Is there anything more evocative or atmospheric than the steel drums? You can almost hear the ocean waves and feel the sun on your skin.
Well, there's no more of that soundtrack to tropical paradise at the Wanniassa shops - it's been silenced.
Canberra musician Courtney Leiba is a familiar sight at the shops, busking there for at least 20 years, back when the supermarket was a Shop Rite.
When it was an IGA, he was even paid by that supermarket to perform there, especially close to Christmas.
But no more. The owner of the centre - the Koundouris Group - does not want Mr Leiba or anyone else busking at the shops.
Mr Leiba said he believed he had been caught up in the landlord's desire to get rid of people regularly begging for money there, whereas he was busking.
A spokesperson for management at the Koundouris Group said it enforced a blanket policy for any use of the area near the entrance to the shops.
"Management is not permitting any casual leasing, busking, or similar on its property as there has been an additional area of the arcade leased recently to a cafe as well as the changeover to the new Coles supermarket," a statement read.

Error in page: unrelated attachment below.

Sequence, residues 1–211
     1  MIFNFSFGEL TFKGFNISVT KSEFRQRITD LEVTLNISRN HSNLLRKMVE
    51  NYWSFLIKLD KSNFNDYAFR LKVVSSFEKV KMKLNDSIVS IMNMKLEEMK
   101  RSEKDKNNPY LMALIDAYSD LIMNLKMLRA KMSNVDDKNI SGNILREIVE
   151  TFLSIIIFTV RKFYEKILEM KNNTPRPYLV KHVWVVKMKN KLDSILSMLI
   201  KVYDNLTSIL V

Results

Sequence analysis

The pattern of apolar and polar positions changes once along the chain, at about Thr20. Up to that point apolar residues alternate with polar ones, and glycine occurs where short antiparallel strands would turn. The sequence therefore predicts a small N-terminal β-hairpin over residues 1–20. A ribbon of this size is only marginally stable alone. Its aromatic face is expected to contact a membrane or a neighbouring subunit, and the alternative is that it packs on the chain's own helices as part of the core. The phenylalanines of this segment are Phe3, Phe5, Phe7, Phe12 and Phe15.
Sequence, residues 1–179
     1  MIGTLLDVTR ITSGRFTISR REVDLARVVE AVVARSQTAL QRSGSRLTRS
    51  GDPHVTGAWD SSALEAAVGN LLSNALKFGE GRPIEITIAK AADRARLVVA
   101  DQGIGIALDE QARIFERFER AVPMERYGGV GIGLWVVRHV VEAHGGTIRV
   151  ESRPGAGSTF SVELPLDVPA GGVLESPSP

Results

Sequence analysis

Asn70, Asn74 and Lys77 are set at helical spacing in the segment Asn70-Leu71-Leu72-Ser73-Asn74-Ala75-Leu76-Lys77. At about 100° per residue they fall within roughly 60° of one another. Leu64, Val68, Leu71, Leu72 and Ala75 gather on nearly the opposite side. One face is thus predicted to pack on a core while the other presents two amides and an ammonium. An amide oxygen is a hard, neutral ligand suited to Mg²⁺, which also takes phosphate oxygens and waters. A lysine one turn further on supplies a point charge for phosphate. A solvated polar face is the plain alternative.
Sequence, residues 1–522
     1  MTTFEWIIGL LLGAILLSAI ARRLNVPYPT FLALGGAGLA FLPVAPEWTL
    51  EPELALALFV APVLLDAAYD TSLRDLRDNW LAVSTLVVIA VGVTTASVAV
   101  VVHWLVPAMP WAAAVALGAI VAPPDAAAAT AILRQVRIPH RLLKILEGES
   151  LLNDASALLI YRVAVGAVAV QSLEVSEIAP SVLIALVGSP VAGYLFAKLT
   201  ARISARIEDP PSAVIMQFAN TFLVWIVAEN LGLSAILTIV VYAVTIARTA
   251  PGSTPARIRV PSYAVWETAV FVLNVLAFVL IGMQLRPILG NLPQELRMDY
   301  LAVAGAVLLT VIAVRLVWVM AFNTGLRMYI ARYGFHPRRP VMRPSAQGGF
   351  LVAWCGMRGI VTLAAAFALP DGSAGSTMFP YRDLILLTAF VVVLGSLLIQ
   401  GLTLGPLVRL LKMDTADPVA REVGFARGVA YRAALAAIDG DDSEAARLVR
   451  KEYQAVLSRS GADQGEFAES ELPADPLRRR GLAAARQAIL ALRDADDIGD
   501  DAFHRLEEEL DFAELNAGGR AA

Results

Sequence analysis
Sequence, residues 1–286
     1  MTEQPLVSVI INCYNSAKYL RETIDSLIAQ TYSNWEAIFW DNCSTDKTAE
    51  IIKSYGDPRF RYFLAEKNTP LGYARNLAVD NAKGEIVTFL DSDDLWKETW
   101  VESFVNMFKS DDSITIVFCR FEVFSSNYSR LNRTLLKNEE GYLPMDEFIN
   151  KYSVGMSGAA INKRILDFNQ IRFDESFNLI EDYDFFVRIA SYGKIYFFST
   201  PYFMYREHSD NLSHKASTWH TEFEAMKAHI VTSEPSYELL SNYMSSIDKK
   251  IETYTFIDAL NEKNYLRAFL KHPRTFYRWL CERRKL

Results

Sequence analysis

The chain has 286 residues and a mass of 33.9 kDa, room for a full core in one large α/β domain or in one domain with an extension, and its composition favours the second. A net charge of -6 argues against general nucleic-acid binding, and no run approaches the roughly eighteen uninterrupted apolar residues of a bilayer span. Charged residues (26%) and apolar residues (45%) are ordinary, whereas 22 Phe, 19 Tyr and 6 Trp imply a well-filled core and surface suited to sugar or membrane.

"The arcade area has become very busy. Management's priority is the safe ingress and egress of customers and to ensure that it's insurance obligations are not breached."
Turning 80 next year, Mr Leiba, originally from the West Indies, has over the course of his career, toured with Liberace and been nominated for a Grammy when playing with the Esso Trinidad Tripoli Steel Band.
He is lost without his busking, usually playing on a Friday evening and Saturday morning.
"I really feel depressed," he said. "I'm an old guy. No one will employ me. And I really enjoy playing.
"Everyone has been asking me, 'Why aren't you busking anymore?'."
With his wife, scientist Dr Marion Leiba, Mr Leiba has lived in Kambah since 1981 and moved into busking towards the end of his professional career.
"He loves music the way I love geology. It's really important to him," Dr Leiba said.
"It's not just a thing to make money. He'll teach people for free because he loves it so much."
One of the retailers at the Wanniassa shops, Aaron Fenning, owner of Jordo's Chop Shop, was disappointed Mr Leiba was not being allowed to busk there.
"I like him. He used to play at our church and people enjoy his music. It's sort of a Wanniassa communal thing. For him not to be able to play even just around Christmas would be a bit sad," Mr Fenning said.